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Humans can use an intuitive sense of statistics to make predictions about uncertain future events, a cognitive skill that underpins logical and mathematical reasoning. Recent research shows that some of these abilities for statistical inferences can emerge in preverbal infants and non-human primates such as apes and capuchins. An important question is therefore whether animals share the full complement of intuitive reasoning abilities demonstrated by humans, as well as what evolutionary contexts promote the emergence of such skills. Here, we examined whether free-ranging rhesus macaques (Macaca mulatta) can use probability information to infer the most likely outcome of a random lottery, in the first test of whether primates can make such inferences in the absence of direct prior experience. We developed a novel expectancy-violation looking time task, adapted from prior studies of infants, in order to assess the monkeys' expectations. In Study 1, we confirmed that monkeys (n = 20) looked similarly at different sampled items if they had no prior knowledge about the population they were drawn from. In Study 2, monkeys (n = 80) saw a dynamic ‘lottery’ machine containing a mix of two types of fruit outcomes, and then saw either the more common fruit (expected trial) or the relatively rare fruit (unexpected trial) fall from the machine. We found that monkeys looked longer when they witnessed the unexpected outcome. In Study 3, we confirmed that this effect depended on the causal relationship between the sample and the population, not visual mismatch: monkeys (n = 80) looked equally at both outcomes if the experimenter pulled the sampled item from her pocket. These results reveal that rhesus monkeys spontaneously use information about probability to reason about likely outcomes, and show how comparative studies of nonhumans can disentangle the evolutionary history of logical reasoning capacities.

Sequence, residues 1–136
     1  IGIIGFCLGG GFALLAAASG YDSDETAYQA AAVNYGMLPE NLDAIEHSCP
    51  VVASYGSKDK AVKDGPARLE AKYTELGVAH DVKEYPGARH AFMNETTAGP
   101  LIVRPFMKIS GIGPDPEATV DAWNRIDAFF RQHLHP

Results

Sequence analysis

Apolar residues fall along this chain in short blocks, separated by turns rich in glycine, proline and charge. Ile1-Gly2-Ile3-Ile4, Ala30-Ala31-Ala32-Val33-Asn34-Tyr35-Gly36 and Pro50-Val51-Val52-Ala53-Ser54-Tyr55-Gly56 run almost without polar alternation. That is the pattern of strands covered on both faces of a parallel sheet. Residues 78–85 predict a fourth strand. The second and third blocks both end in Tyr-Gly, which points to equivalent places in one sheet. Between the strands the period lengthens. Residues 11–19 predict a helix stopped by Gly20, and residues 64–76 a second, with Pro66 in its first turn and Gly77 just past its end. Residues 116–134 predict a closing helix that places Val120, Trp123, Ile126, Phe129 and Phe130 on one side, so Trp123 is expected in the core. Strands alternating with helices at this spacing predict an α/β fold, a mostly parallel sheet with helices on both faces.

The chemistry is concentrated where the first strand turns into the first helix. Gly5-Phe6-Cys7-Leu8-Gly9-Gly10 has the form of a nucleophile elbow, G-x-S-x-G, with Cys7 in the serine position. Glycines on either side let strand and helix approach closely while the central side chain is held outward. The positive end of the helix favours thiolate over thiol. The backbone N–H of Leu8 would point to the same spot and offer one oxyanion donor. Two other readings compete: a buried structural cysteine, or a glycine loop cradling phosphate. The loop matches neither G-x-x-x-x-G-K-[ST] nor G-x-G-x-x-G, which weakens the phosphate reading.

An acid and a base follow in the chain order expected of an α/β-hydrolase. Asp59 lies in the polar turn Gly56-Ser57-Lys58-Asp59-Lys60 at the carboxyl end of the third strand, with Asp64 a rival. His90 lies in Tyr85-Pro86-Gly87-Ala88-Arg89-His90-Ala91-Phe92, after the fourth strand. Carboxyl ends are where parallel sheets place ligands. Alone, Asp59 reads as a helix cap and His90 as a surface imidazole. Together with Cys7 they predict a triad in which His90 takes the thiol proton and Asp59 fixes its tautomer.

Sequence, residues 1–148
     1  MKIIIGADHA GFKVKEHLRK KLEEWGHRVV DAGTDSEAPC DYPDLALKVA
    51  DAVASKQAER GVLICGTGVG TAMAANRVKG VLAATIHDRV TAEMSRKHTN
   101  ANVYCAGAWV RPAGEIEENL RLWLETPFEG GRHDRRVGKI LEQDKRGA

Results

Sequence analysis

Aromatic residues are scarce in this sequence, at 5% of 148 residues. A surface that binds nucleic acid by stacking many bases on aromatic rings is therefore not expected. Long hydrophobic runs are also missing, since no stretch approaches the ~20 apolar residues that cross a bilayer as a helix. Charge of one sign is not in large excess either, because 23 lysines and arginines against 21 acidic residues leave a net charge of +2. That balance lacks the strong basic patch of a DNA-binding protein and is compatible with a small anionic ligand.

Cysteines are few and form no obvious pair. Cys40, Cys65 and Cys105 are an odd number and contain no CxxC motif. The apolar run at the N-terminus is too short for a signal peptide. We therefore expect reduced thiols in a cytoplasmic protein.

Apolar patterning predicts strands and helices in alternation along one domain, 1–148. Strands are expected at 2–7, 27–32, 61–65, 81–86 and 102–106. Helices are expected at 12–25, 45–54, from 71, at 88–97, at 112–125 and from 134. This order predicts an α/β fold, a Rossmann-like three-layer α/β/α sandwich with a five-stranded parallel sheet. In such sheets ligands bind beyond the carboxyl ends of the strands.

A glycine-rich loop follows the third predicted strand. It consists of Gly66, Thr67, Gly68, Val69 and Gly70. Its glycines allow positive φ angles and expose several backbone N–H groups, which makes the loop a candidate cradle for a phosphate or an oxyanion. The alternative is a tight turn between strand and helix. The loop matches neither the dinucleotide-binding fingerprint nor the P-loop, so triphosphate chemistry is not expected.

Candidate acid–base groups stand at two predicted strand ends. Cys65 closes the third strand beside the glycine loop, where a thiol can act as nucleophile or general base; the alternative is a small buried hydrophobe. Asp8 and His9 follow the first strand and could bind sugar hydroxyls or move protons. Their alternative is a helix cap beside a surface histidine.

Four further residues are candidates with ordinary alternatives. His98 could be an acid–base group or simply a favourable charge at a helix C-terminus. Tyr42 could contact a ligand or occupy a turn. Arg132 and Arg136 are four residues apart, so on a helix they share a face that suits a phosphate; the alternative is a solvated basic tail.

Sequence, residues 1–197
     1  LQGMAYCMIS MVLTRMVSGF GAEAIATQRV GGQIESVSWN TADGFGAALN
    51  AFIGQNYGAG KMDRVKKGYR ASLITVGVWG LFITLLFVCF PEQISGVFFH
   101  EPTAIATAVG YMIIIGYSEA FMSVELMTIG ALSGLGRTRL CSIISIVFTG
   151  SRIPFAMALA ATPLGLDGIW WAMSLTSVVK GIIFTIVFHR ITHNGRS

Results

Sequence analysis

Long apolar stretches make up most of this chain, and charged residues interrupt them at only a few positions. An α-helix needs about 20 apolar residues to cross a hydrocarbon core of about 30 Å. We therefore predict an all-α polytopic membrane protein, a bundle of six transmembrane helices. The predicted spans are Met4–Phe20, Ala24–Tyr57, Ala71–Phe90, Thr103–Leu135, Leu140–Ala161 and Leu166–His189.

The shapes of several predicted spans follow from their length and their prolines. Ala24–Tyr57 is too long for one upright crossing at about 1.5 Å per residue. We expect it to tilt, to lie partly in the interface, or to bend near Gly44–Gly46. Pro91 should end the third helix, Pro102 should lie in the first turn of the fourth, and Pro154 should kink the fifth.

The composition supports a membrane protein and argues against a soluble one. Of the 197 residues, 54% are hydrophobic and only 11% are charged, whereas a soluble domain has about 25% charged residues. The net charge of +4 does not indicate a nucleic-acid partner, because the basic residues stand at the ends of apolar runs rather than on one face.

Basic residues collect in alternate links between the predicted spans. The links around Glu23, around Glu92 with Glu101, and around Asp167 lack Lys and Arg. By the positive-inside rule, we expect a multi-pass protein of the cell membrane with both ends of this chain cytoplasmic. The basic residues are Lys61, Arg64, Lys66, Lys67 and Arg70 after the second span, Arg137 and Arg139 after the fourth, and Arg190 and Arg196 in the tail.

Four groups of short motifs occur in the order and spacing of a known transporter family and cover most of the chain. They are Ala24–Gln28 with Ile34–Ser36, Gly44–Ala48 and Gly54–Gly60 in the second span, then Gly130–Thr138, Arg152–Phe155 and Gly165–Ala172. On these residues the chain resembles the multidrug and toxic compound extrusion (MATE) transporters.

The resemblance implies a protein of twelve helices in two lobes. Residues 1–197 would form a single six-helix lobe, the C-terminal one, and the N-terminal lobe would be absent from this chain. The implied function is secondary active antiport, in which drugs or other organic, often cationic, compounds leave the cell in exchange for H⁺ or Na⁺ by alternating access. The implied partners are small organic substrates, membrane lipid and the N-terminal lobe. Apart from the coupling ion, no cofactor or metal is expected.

Data Types:
  • Other
  • Video
  • Dataset
While the ramifications associated with polybrominated diphenyl ethers (PBDE) exposures during human pregnancy have yet to be determined, increasing evidence in humans and animal models suggests that these compounds cause neurodevelopmental toxicity. Human embryonic stem cell models (hESCs) can be used to study the effects of environmental chemicals on the successive stages of neuronal development. Here, using a hESC differentiation model, we investigated the effects of common PBDE congeners (BDE-47 or -99) on the successive stages of early neuronal development. First, we determined the points of vulnerability to PBDEs across four stages of in vitro neural development by using assays to assess for cytotoxicity. Differentiated neural progenitors were identified to be more sensitive to PBDEs than their less differentiated counterparts. In follow-up investigations, we observed BDE-47 to inhibit functional processes critical for neurogenesis (e.g., proliferation, migration) in hESC-derived neural precursor cells (NPCs) at sub-lethal concentrations. Finally, to determine the mechanism(s) underlying PBDE-toxicity, we conducted global transcriptomic and methylomic analyses of BDE-47. We identified 589 genes to be differentially expressed (DE) due to BDE-47 exposure, including molecules involved in oxidative stress mediation, cell cycle, hormone signaling, steroid metabolism, and neurodevelopmental pathways. In parallel analyses, we identified a significant increase in CpG methylation. In summary, our results suggest, on a cellular level, PBDEs induce human neurodevelopmental toxicity in a concentration-dependent manner and sensitivity to these compounds is dependent on the developmental stage of exposure. Proposed mRNA and methylomic perturbations may underlie toxicity in early embryonic neuronal populations.